My photo diary from Miami
When I’m out of ideas for fancy resort wear, I always default to black, white, and turquoise, colors born to be next to the Atlantic.
I leave you with a poem I wrote on my first trip to Miami in 2006. You can find the Vietnamese version here.
running into Fidel Castro
yo soy una chica vietnamita en little havana =
I am a vietnamese woman in little havana.
the summer humidity makes lovers out of natives and
prisoners out of tourists.
this foreign land ambushes me like a surprise enemy or guerrila warfare,
neither and both
ways to join the republican party here are simple:
jokes the young cuban barmaid with her sugarcane-scented voice,
the saccharine and sunlit smell is unexpectedly familiar.
my home on the other coast suddenly appears and jabs me at the throat.
she is standing too close to me,
pushes the boundaries of my personal space,
tells me about the journey she made across ninety miles of sea
on a pick-up truck – turned escape ship – turned life-saver.
as we both laugh about the fact that only the desperation and brilliance of a third-world
nation would drive its people to make life-savers and boats out of pick-up trucks,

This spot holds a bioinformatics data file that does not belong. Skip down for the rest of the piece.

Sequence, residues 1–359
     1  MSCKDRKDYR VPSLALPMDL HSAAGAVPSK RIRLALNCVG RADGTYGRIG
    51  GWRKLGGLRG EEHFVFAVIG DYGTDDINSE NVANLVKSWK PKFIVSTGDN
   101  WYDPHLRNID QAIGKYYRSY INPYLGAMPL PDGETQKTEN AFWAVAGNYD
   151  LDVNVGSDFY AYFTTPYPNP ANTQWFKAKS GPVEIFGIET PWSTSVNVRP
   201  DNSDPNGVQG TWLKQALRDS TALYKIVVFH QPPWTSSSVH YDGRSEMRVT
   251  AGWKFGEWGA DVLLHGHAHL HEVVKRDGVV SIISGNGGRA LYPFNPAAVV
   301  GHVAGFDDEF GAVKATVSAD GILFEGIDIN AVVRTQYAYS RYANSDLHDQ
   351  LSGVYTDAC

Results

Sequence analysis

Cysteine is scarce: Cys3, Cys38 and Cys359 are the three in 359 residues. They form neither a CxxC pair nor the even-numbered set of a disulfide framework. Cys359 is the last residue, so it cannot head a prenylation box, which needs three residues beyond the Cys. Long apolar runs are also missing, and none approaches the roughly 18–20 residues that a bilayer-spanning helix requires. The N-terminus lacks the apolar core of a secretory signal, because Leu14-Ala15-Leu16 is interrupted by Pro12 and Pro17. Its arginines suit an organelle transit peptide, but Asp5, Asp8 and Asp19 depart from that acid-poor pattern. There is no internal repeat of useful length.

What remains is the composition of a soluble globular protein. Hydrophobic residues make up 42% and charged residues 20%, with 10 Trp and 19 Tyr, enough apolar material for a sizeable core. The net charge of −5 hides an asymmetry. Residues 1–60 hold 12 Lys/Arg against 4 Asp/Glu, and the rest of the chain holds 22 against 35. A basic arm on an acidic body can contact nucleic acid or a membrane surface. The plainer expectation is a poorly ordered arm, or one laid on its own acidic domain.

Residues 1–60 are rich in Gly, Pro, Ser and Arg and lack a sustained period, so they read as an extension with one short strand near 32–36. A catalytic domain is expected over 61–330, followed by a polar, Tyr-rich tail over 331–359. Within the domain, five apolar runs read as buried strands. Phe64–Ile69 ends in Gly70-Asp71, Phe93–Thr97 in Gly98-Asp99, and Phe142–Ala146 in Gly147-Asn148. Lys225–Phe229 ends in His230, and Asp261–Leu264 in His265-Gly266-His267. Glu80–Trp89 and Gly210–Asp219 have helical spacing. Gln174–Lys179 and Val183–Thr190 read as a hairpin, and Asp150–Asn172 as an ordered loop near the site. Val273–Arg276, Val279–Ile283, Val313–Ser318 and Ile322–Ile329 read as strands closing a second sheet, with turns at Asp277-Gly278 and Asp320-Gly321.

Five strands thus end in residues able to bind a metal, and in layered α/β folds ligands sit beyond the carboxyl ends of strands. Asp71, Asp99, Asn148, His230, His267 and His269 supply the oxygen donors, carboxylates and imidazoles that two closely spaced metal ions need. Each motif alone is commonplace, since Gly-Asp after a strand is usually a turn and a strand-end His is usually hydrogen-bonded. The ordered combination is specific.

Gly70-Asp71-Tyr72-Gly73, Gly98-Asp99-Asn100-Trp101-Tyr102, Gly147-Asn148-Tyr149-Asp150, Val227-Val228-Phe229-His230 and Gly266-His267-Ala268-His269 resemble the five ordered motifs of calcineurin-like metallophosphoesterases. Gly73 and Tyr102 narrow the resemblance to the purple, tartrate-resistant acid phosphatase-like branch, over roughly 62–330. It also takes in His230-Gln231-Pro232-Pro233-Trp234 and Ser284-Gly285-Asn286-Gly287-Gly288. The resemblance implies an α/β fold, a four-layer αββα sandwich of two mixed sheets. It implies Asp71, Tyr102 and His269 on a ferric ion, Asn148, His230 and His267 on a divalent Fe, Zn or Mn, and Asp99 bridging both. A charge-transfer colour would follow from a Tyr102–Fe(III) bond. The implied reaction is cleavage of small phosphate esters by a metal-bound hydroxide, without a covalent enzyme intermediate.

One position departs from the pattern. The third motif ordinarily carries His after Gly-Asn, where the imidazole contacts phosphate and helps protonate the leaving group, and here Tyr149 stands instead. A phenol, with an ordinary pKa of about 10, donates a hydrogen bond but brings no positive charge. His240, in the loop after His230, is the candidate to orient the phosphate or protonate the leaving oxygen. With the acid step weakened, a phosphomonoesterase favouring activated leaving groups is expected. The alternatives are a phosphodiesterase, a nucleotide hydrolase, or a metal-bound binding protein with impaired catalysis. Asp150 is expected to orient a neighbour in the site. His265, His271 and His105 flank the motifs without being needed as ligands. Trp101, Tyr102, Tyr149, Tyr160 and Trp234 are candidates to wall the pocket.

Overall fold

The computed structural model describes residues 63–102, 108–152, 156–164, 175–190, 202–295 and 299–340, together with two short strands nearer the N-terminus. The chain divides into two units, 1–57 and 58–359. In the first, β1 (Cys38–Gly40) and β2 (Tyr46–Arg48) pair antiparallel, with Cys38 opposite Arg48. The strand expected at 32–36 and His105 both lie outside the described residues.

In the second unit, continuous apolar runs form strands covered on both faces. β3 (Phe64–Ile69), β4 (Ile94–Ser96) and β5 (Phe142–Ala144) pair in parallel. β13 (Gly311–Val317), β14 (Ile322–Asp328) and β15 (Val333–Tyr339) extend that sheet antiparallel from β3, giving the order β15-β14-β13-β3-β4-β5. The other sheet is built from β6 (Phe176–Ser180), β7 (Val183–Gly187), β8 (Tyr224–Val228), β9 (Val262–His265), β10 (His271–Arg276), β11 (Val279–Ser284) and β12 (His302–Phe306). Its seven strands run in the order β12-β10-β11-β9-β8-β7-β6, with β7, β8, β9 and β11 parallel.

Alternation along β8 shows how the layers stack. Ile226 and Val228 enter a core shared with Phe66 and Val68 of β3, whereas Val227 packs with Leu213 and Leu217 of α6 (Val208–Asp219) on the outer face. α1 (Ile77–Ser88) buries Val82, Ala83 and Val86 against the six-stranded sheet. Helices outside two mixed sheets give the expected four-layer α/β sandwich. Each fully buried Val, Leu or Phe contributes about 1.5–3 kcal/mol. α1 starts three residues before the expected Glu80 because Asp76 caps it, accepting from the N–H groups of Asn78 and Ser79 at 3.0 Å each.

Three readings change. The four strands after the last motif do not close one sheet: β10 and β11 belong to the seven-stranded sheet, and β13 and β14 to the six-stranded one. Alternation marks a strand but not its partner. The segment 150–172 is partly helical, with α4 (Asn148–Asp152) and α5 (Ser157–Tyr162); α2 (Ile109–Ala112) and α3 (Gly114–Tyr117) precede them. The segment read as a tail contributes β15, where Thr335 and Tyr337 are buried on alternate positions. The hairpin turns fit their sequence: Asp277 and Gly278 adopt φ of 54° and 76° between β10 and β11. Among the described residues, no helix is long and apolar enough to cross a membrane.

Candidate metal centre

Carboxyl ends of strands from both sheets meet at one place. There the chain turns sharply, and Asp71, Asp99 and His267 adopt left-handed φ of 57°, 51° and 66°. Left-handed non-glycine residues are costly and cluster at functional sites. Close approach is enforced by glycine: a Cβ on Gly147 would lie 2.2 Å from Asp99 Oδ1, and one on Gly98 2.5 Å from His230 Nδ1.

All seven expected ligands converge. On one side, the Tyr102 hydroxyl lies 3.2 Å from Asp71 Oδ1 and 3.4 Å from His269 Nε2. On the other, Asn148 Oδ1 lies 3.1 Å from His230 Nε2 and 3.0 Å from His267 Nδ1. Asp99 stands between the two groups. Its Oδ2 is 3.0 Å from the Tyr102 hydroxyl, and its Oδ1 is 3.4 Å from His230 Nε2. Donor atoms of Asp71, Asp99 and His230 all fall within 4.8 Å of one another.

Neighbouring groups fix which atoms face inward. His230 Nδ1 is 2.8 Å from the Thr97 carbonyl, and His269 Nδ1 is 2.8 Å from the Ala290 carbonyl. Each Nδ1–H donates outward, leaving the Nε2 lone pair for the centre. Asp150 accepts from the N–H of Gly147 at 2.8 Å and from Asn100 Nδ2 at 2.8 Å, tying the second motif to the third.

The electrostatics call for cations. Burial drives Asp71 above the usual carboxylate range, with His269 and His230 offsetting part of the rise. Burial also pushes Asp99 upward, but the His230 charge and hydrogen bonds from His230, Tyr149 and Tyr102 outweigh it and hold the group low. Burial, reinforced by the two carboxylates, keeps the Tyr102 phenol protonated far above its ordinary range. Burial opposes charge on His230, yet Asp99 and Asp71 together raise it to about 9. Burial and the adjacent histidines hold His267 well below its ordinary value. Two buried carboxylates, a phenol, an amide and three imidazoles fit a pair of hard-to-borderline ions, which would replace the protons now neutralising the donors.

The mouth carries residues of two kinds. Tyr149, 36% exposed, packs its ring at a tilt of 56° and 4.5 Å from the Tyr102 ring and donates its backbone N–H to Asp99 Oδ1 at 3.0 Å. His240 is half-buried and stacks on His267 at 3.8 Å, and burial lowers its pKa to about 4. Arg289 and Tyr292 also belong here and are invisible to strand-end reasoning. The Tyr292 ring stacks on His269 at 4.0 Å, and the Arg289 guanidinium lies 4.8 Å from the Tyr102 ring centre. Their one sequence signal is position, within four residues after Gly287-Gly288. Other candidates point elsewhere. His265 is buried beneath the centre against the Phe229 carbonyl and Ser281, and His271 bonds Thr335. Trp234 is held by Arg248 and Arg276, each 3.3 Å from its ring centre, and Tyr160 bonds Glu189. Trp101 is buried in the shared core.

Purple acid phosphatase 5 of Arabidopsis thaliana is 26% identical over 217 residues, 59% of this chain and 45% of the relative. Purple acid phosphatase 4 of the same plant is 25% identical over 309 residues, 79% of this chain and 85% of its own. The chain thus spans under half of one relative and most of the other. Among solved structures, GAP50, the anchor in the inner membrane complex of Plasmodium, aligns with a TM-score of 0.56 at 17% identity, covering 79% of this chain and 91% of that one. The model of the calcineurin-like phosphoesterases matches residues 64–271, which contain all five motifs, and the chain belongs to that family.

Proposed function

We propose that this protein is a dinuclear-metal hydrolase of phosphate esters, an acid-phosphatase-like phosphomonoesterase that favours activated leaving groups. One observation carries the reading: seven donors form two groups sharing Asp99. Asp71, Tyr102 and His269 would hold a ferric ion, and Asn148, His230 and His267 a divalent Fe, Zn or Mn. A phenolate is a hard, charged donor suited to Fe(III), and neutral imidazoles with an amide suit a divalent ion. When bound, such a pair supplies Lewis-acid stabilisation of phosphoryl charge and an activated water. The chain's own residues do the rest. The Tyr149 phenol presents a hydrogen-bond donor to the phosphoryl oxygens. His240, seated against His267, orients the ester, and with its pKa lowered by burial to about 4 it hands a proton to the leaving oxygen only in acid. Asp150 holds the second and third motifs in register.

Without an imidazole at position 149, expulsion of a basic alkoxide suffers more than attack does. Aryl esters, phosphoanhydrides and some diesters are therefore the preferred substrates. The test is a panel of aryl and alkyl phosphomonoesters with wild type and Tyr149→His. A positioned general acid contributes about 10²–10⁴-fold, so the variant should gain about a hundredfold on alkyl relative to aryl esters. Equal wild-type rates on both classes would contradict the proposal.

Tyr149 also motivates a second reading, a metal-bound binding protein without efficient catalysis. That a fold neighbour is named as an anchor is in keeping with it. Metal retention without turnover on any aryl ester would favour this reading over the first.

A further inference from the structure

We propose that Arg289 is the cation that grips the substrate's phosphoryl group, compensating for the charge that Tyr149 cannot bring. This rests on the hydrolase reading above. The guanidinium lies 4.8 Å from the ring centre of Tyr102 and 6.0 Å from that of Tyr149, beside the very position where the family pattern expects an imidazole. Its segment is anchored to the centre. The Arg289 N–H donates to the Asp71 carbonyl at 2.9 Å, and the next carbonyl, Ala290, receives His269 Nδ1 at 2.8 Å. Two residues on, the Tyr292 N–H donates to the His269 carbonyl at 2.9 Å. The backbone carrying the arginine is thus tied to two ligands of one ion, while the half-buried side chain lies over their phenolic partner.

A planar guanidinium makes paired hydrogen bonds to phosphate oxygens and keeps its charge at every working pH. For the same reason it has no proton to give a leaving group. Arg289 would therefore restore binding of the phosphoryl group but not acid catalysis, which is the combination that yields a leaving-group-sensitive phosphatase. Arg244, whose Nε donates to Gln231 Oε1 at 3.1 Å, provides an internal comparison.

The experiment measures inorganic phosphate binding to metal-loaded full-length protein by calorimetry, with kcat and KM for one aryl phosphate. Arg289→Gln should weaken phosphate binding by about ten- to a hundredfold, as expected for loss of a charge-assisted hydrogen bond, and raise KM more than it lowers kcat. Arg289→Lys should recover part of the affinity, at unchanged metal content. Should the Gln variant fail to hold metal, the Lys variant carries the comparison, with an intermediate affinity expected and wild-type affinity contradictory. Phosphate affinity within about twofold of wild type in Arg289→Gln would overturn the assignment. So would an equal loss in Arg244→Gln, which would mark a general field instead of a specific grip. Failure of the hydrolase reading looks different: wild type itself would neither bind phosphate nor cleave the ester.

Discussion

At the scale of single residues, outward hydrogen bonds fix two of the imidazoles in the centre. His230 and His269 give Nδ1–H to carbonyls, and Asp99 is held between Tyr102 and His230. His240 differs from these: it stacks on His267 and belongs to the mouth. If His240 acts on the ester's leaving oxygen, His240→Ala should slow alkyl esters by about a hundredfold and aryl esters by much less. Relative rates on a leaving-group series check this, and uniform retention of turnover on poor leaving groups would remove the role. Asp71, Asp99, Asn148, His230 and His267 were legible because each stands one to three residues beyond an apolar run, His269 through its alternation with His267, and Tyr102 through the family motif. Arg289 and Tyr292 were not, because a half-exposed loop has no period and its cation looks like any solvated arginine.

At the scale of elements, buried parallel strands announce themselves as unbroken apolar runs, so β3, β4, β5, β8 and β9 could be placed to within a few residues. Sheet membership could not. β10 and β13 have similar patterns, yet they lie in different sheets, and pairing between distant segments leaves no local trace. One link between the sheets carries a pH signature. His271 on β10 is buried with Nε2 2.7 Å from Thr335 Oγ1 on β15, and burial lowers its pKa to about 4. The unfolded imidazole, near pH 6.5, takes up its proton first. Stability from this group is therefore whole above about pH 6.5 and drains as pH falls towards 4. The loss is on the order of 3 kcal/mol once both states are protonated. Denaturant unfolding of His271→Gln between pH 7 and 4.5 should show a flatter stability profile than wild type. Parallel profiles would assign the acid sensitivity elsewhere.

(no, we weren’t being sarcastic),
she invites me out for a night of the latin 3 m’s: miami, mojitos, and mambo,
smirks as she mentions “the dictator” and leans in to kiss me on both cheeks.
se llama maria isabella bolivar
maria is a 1.5 generation immigrant,
waitress by night and chicano studies college student by day:
she embodies the refugee work ethics and peppers her speech with espanol.
maria often feels displaced and seldom laments on her loneliness:
it is hard to relate to the other 400,000 cubans on this soil.
afterall, they are in exile so viva the yankees.
castro is not dead, yet he already haunts.
bienvenido a little havana:
the 23 blocks in the southeastern metropolis of the florida peninsula,
I walk along these streets with this radiant latina,
both of us speaking English,
both of us Vietnamese American Cuban American,
born in opposite sides of the world but wear the same working class skin color and
experience the same anti-lenin protests,
somewhere between resisting assimilation and embracing this common land that never
quite accepted us but brought us together,
we were on our way to connecting as we reach
the colorful center of town,
the artery that keeps the heart of little havana beating,
the official name is SW 8th street but everyone knows it as Calle Ocho.
There, I forge empathy and tell maria about hai ba trung street in little saigon
My easy beach outfit has H&M bathing suit, BCBG ring & sunnies, vintage bracelet, and PJ Salvage cover-up.